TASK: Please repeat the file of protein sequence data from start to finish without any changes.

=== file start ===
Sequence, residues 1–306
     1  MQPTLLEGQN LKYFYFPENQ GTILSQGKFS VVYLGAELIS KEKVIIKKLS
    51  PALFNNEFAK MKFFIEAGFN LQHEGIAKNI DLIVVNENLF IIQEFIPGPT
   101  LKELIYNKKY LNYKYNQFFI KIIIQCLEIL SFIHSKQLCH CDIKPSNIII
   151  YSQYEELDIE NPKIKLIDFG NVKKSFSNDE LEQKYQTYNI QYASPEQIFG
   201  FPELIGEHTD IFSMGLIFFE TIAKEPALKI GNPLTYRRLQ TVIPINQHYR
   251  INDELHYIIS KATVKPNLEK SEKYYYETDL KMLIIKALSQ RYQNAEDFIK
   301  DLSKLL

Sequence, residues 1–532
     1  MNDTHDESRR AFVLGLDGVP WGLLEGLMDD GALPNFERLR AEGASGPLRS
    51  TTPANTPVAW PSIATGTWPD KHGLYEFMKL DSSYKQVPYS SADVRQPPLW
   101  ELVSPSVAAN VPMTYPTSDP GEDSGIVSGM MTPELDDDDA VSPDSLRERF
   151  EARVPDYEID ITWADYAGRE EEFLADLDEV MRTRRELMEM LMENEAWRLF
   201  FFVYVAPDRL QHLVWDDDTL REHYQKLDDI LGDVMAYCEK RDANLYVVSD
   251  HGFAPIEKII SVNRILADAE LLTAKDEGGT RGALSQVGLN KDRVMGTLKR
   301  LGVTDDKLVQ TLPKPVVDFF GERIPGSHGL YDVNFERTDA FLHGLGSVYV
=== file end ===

Sequence, residues 1–306
     1  MQPTLLEGQN LKYFYFPENQ GTILSQGKFS VVYLGAELIS KEKVIIKKLS
    51  PALFNNEFAK MKFFIEAGFN LQHEGIAKNI DLIVVNENLF IIQEFIPGPT
   101  LKELIYNKKY LNYKYNQFFI KIIIQCLEIL SFIHSKQLCH CDIKPSNIII
   151  YSQYEELDIE NPKIKLIDFG NVKKSFSNDE LEQKYQTYNI QYASPEQIFG
   201  FPELIGEHTD IFSMGLIFFE TIAKEPALKI GNPLTYRRLQ TVIPINQHYR
   251  INDELHYIIS KATVKPNLEK SEKYYYETDL KMLIIKALSQ RYQNAEDFIK
   301  DLSKLL

Sequence, residues 1–532
     1  MNDTHDESRR AFVLGLDGVP WGLLEGLMDD GALPNFERLR AEGASGPLRS
    51  TTPANTPVAW PSIATGTWPD KHGLYEFMKL DSSYKQVPYS SADVRQPPLW
   101  ELVSPSVAAN VPMTYPTSDP GEDSGIVSGM MTPELDDDDA VSPDSLRERF
   151  EARVPDYEID ITWADYAGRE EEFLADLDEV MRTRRELMEM LMENEAWRLF
   201  FFVYVAPDRL QHLVWDDDTL REHYQKLDDI LGDVMAYCEK RDANLYVVSD
   251  HGFAPIEKII SVNRILADAE LLTAKDEGGT RGALSQVGLN KDRVMGTLKR
   301  LGVTDDKLVQ TLPKPVVDFF GERIPGSHGL YDVNFERTDA FLHGLGSVYV